GFF hospital - kisangani

Hôpital du Cinquantenaire de Kisangani

Through the years Kisangani and the rest of the DRC have suffered with a serious lack of basic healthcare. Close to a million locals inhabiting Kisangani and the villages around it have been enduring malnutrition, a high infant mortality rate and prevailing endemic tropical diseases – with very little medication and medical treatment options available.

Healthcare Hope

Hôpital du Cinquantenaire de Kisangani (Kisangani Hospital) opened its doors in January 2013, after receiving support from the Gertler Family Foundation. Located along the Congo River in one of the world’s biggest rainforests, the hospital is a herald of positive change in healthcare in the DRC. In less than a year it has dramatically contributed to reducing the infant mortality rate and has saved thousands of lives. With a complement of 120 medical staff members and a capacity of 102 beds, Kisangani Hospital is providing unprecedented healthcare to its local population.

Meeting Challenges

The hospital’s Medical Director, Dr Andrè Hattingh, says that meeting the healthcare needs of the region with the hospital is not without challenges. According to Dr Hattingh it is a combination of passion, training and the state-of-the-art equipment, sponsored by the Gertler Family Foundation (GFF), that makes it possible to address the healthcare needs of Kisangani’s population.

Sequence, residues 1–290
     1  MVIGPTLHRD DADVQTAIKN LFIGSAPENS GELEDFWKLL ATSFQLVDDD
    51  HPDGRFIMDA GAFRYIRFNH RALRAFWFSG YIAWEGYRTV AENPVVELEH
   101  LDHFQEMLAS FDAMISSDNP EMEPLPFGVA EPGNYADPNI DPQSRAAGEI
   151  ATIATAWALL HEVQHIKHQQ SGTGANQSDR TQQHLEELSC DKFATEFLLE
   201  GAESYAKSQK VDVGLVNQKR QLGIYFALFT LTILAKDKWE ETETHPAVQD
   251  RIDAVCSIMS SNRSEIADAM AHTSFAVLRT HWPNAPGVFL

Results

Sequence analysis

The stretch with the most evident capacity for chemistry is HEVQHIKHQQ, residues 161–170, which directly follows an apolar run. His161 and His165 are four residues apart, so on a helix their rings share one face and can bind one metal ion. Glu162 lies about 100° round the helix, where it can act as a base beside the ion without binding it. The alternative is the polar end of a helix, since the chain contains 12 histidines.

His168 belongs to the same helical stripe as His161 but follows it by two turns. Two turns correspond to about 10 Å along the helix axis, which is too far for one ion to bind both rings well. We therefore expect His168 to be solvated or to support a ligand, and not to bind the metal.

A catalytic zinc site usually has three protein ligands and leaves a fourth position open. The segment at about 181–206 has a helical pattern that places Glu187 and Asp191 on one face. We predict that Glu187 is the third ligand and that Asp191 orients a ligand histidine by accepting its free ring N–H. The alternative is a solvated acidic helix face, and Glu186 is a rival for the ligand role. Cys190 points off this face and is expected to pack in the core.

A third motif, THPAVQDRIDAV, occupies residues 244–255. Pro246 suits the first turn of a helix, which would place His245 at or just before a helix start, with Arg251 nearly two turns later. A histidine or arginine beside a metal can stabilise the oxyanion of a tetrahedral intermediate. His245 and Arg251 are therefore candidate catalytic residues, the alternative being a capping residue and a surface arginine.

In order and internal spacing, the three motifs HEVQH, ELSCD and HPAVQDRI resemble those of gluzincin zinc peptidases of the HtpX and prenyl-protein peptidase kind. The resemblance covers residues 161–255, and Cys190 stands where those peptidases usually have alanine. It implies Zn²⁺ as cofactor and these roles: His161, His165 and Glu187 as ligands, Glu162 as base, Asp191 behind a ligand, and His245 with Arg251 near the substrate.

Built in 2010, the hospital remained closed due to lack of funds. If it wasn’t for the GFF’s US$2 million injection in 2012, and a further US$1 million soon after, the hospital’s doors may have remained closed indefinitely. Instead, it now provides world-class healthcare, and ensures that its medical professionals remain highly skilled by running an extensive employee training program. Kisangani Hospital brings specialists from all over the world to run courses for local doctors and nurses, and also sends its staff abroad to for learning and development in countries as far away as India.

Serving the Community

Without the Kisangani Hospital mobile inoculation unit, it is not possible for children in rural villages to be inoculated. The hospital has a Level IV ICU, an emergency room, a 24-hour laboratory, the only functional X-ray unit in Kisangani – and can provide advanced trauma life support. Critical patients from everywhere in the province and beyond are served at the hospital’s ICU – most are high risk patients that cannot receive treatment anywhere else.

Because poor patients are treated for free, Kisangani Hospital is providing a desperately needed services to those most in need. Speaking on behalf of the GFF, its co-founder Dan Gertler has said: “Our goal is to support vulnerable people living in the region who previously had limited access to even the most basic healthcare services.”

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Kinshasa Landscape